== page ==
[Disclaimer: These results may vary and I am not recommending or condoning anybody follows or adheres to my training routine, gear, or plan. These are my results and my results alone.]
Sometime in February of this year I decided that I was going to run the Air Force Marathon. I then thought, “well, why not just make this the year of running?” So that’s what I’m doing this year, I’m running. Like any new endeavor I started with research and an assessment of fitness and gear.
Just Go. As I’ve mentioned before, I’ve always been pretty fit and was a decent runner in the military – consistently scoring in the tops of my age group – so just going felt pretty low risk. Admittedly, I was a bit weary given that I had tried to renew my running regimen several times after I left the military only to be consistently derailed by injuries. Nevertheless, I assumed that being 40 lbs lighter versus last year (and 10 lbs lighter than when I left the military) would help my joints a bit. So I started running three times a week on a basic 2 minutes walk / 1 min run tempo for 15 minutes. I did this for many weeks starting back in October, slowly building up endurance, distance, and total run time. I took careful notes and was extra conservative.
The Shoes. After reading Tim Ferris’ 4-Hour Body and Born to Run by Christopher McDougall I became a full convert to minimalist running and was immediately ready to start running barefoot. I was ready for my body to remember how to run naturally, unimpeded by “stability” running shoes and running-store-recommended orthotics. I wanted to break my legs’ & feet’s dependence on over-weight, chunky running shoes and was ready to step out and run on my bare tootsies. Bring on the dog poop & mud! Fortunately, reason (aka my wife) prevailed and I decided (she decided) to slowly ease my way into lower drop running shoes. I ran on Nike Free Run’s for 2-3 months and then switched to even lower drop New Balance Minimus for 3 months – all orthotics free, all pain free. I’m now running on Skecher’s Go Run and I couldn’t be happier – a perfect blend of low drop and just enough cushion. The beautiful part – and key take-away – of using low drop running shoes is that I immediately feel the moment my stride or gait deviates from my naturally imbued running form. I’ve actually become a more efficient runner and feel as if my feet and ankles are stronger (if that’s even possible).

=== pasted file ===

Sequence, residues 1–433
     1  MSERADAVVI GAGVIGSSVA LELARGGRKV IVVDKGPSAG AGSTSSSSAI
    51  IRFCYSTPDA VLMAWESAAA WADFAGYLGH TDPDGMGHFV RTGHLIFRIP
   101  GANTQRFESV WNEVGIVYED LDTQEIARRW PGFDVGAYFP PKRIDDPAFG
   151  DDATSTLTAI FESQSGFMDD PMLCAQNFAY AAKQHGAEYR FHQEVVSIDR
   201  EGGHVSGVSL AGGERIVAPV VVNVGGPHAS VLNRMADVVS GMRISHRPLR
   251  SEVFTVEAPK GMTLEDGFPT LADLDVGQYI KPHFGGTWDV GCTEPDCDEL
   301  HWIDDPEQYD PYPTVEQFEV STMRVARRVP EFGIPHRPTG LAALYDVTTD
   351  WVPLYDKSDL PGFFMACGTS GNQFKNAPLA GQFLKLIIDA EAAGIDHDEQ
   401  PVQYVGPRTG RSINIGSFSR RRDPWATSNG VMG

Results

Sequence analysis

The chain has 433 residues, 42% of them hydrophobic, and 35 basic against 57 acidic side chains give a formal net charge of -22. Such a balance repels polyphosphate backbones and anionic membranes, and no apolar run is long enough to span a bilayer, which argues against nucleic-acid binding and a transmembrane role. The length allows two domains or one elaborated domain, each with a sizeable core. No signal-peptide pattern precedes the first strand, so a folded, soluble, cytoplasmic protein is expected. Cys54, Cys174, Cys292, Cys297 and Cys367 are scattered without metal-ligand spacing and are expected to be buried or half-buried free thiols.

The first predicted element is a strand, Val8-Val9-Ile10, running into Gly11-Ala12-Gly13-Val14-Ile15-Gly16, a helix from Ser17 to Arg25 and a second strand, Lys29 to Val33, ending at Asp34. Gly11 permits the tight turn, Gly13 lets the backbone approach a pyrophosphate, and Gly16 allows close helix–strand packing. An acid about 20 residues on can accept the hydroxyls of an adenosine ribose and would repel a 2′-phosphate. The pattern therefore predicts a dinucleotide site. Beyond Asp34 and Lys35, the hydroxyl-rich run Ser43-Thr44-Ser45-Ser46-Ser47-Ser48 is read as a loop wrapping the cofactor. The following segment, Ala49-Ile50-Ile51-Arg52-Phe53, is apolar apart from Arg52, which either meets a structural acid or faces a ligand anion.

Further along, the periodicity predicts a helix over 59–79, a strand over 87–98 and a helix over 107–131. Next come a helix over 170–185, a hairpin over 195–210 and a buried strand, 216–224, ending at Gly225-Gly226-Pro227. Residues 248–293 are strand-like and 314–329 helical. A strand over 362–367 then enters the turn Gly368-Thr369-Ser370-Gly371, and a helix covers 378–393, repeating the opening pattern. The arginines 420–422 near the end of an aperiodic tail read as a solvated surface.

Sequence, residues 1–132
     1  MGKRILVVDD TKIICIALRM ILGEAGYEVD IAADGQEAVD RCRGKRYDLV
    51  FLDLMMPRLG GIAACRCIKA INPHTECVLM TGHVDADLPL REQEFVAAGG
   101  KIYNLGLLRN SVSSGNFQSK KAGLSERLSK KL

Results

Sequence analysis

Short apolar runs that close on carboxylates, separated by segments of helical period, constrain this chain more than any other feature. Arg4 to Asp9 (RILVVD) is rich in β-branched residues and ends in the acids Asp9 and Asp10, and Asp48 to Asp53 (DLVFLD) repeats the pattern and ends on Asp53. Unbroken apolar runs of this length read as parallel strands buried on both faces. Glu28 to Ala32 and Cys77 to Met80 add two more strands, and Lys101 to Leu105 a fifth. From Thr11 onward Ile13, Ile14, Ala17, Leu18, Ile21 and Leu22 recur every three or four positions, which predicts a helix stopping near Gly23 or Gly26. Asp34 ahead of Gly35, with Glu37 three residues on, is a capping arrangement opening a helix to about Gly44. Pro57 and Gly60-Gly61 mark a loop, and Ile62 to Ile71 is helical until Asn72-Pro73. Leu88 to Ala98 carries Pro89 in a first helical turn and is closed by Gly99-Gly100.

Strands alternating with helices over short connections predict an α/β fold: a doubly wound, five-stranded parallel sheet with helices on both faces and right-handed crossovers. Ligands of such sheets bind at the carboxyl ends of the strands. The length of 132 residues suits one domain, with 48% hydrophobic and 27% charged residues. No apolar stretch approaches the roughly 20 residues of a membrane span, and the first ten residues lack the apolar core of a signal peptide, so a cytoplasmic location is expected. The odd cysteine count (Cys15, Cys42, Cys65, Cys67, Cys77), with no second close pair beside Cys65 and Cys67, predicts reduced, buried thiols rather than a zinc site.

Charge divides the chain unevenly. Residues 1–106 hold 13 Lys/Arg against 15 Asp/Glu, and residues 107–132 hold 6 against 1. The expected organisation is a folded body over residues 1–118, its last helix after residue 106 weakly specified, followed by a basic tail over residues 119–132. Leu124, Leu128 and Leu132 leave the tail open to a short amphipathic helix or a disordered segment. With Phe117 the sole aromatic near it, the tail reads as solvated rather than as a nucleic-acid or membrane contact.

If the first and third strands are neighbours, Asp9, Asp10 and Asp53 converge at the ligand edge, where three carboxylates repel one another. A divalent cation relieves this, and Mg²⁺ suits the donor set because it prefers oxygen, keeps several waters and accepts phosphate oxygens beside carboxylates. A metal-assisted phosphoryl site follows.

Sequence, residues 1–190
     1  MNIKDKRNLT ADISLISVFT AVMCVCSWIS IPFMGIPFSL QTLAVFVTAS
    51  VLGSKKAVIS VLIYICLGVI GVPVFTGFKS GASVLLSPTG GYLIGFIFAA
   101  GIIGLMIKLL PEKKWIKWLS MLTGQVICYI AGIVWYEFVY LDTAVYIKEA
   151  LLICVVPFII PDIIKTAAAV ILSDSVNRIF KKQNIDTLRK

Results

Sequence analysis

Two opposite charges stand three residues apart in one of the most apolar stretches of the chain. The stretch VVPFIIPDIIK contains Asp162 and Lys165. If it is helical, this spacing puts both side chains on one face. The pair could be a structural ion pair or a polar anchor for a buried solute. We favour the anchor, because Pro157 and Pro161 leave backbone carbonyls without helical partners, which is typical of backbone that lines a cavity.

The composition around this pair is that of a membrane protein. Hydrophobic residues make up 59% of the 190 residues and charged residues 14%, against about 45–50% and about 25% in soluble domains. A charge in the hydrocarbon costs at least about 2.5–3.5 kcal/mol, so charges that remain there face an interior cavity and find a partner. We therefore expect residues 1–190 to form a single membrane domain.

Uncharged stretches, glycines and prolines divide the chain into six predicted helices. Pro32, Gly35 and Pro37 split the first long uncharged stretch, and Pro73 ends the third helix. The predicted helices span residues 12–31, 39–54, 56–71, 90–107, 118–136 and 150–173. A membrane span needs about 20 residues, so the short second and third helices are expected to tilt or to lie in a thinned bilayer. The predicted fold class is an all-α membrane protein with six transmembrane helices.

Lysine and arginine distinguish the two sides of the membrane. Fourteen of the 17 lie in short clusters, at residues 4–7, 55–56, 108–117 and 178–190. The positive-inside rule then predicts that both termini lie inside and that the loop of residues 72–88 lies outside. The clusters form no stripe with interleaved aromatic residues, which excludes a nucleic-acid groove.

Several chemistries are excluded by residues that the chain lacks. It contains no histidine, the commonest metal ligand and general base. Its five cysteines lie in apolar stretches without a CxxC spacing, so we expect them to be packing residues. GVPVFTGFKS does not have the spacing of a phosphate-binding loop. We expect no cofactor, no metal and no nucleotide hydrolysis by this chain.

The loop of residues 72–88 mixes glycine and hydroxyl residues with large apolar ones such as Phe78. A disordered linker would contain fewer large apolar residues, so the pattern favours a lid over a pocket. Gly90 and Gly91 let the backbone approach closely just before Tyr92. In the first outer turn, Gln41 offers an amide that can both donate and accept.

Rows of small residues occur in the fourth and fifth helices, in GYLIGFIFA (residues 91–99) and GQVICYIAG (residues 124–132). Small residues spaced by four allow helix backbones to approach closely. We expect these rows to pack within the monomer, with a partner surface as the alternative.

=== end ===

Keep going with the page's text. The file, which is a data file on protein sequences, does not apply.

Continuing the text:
The Races. I’m currently signed up to race the Flying Pig 10K and the Air Force Marathon. I’m also planning on running the Summit Fest ½ Marathon but haven’t yet signed up since I still have to de-conflict summer family travel plans. Assuming my body holds up, I’d also like to run the Vegas Tough Mudder with my brother in October and then finish up the year with a few short races near Thanksgiving and over the Holidays. Some might argue that the running plan & race schedule seem a bit aggressive especially for one year and my beginner status. Perhaps, but I have run in the past and my build up & prep to this year started 6 months ago. I just wasn’t aware or thinking that I was going to make 2012 the year of running until a few weeks ago. I don’t plan everything. I often just go with what life presents me. In this case, it happens to be running.
What is the difference between being comfortable versus being complacent? I have no idea, so I challenge myself. Challenge my thinking, my parenting, my husband-ing; attempt to challenge my assumptions and my understanding of things. I won't get it right all the time so I welcome all constructive feedback. The goal? To "...be satisfied with life always but never with one's self." (George Jean Nathan)